The tortoises will sometimes insidiously exploit its mutualistic relationship with birds. After rising and extending its limbs, the bird may go beneath the tortoise to investigate, whereupon suddenly the tortoise withdraws its limbs to drop flat and kill the bird. It then steps back to eat the bird, presumably to supplement its diet with protein.

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Some awesome lists!

This amazing service dog saved his owner in so many ways


Service dogs devote their lives to helping humans, just another reason they are considered man's best friend.

Many service dogs have been known to do remarkable things, but there's one that grabbed global attention, and for good reason.

Endal was a male Labrador retriever in Britain, born in 1995. He almost never made it as a service dog because he was born with a lifelong debilitating joint condition called osteochondrosis in both of his front legs.

His intelligence and problem-solving abilities, however, more than made up for that, and he became a fully operational and accredited assistance dog despite the fact that he was only part trained.

Allen Parton, Endal's owner, suffered serious head injuries from the Gulf War, including 50% memory loss and inability to reliably make new memories for more than around 2 days, required a wheelchair to move, had speech and word difficulties, an inability to perceive invisible materials, and an inability to safely judge speed and distance of traffic.

What got media attention was Endal's rescue of Parton when the man was knocked out of his wheelchair by a passing car. Endal pulled Allen, who was unconscious, into the recovery position, retrieved his mobile phone from beneath the car, fetched a blanket and covered him, barked at nearby dwellings for assistance, and then ran to a nearby hotel to obtain help.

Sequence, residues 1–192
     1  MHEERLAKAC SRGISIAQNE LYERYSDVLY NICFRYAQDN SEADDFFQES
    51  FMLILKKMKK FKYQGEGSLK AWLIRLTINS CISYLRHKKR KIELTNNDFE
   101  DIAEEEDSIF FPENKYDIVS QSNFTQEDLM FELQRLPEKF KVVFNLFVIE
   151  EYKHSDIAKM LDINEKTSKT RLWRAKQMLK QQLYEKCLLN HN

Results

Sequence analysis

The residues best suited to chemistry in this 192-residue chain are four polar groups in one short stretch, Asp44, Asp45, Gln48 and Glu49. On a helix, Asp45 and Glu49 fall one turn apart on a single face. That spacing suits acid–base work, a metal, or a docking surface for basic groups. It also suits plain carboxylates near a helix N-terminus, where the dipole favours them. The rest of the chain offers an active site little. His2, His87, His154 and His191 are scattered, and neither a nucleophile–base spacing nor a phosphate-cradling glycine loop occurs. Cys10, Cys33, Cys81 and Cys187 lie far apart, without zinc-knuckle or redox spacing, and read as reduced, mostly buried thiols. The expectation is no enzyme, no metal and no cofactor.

That's heroic, but Endal was dedicated before then, too. He was able to respond to over one hundred instructions and hundreds of hand signals. He could retrieve items from supermarket shelves, operate buttons and switches, and load and empty a washing machine. He was able to put a card into a cash machine, retrieve the card when the process was complete, and return the card to a wallet, the first dog to be able to do so.

This quote from Allen Parton gives a good account:

"When I couldn't talk, he learned sign language – if I touched my head I wanted my hat, if I touched my face it was for the razor. He learned hundreds of commands in signing. Eventually one day, in this very silent world we lived in, I grunted. That was like an electric shock going through him, he was so excited. They said I'd never speak again, but Endal just dragged the speech out of me." - Able Magazine

Parton states that Endal's ability to comprehend his wishes and needs showed when they first met, and was responsible for helping him recover from the initial deep depression and trauma caused by his disability.

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An escaped sheep was found with 60 pounds of wool.




Shrek the sheep ran away and hid in a cave in New Zealand for 6 years. When Shrek was finally found in 2004, the sheep had gone unsheared for so long that it had accumulated 60 pounds of wool on its body, enough to make 20 suits! The sheep became famous and even got to meet the Prime Minister. Shrek finally passed away last month at the age of 16.